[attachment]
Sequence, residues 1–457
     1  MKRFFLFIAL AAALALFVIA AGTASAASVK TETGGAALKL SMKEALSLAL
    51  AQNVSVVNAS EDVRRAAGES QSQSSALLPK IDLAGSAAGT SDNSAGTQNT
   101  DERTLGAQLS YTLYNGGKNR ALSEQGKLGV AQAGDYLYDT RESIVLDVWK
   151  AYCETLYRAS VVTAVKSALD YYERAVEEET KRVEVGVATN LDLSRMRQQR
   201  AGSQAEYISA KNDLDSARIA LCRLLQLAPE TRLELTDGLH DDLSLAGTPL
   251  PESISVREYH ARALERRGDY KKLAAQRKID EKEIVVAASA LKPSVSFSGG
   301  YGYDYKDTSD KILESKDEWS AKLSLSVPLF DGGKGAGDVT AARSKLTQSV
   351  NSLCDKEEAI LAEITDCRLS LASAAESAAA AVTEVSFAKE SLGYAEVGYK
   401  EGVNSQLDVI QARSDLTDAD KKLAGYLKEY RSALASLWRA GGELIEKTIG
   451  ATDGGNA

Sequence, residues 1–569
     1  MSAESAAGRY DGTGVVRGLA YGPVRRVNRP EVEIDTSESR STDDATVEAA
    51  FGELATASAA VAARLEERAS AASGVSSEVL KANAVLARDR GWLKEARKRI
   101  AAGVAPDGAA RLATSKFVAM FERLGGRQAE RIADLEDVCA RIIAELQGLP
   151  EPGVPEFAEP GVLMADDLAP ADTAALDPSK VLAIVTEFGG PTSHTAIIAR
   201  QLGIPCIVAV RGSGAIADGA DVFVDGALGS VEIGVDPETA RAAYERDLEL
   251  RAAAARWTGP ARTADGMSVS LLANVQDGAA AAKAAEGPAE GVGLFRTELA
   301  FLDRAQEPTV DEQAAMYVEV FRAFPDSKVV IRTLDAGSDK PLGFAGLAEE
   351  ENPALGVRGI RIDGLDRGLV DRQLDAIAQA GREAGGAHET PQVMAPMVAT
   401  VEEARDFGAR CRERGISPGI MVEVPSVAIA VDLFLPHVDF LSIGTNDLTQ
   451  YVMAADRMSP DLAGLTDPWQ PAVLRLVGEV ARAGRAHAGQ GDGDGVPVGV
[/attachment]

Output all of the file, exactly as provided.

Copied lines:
Sequence, residues 1–457
     1  MKRFFLFIAL AAALALFVIA AGTASAASVK TETGGAALKL SMKEALSLAL
    51  AQNVSVVNAS EDVRRAAGES QSQSSALLPK IDLAGSAAGT SDNSAGTQNT
   101  DERTLGAQLS YTLYNGGKNR ALSEQGKLGV AQAGDYLYDT RESIVLDVWK
   151  AYCETLYRAS VVTAVKSALD YYERAVEEET KRVEVGVATN LDLSRMRQQR
   201  AGSQAEYISA KNDLDSARIA LCRLLQLAPE TRLELTDGLH DDLSLAGTPL
   251  PESISVREYH ARALERRGDY KKLAAQRKID EKEIVVAASA LKPSVSFSGG
   301  YGYDYKDTSD KILESKDEWS AKLSLSVPLF DGGKGAGDVT AARSKLTQSV
   351  NSLCDKEEAI LAEITDCRLS LASAAESAAA AVTEVSFAKE SLGYAEVGYK
   401  EGVNSQLDVI QARSDLTDAD KKLAGYLKEY RSALASLWRA GGELIEKTIG
   451  ATDGGNA

Sequence, residues 1–569
     1  MSAESAAGRY DGTGVVRGLA YGPVRRVNRP EVEIDTSESR STDDATVEAA
    51  FGELATASAA VAARLEERAS AASGVSSEVL KANAVLARDR GWLKEARKRI
   101  AAGVAPDGAA RLATSKFVAM FERLGGRQAE RIADLEDVCA RIIAELQGLP
   151  EPGVPEFAEP GVLMADDLAP ADTAALDPSK VLAIVTEFGG PTSHTAIIAR
   201  QLGIPCIVAV RGSGAIADGA DVFVDGALGS VEIGVDPETA RAAYERDLEL
   251  RAAAARWTGP ARTADGMSVS LLANVQDGAA AAKAAEGPAE GVGLFRTELA
   301  FLDRAQEPTV DEQAAMYVEV FRAFPDSKVV IRTLDAGSDK PLGFAGLAEE
   351  ENPALGVRGI RIDGLDRGLV DRQLDAIAQA GREAGGAHET PQVMAPMVAT
   401  VEEARDFGAR CRERGISPGI MVEVPSVAIA VDLFLPHVDF LSIGTNDLTQ
   451  YVMAADRMSP DLAGLTDPWQ PAVLRLVGEV ARAGRAHAGQ GDGDGVPVGV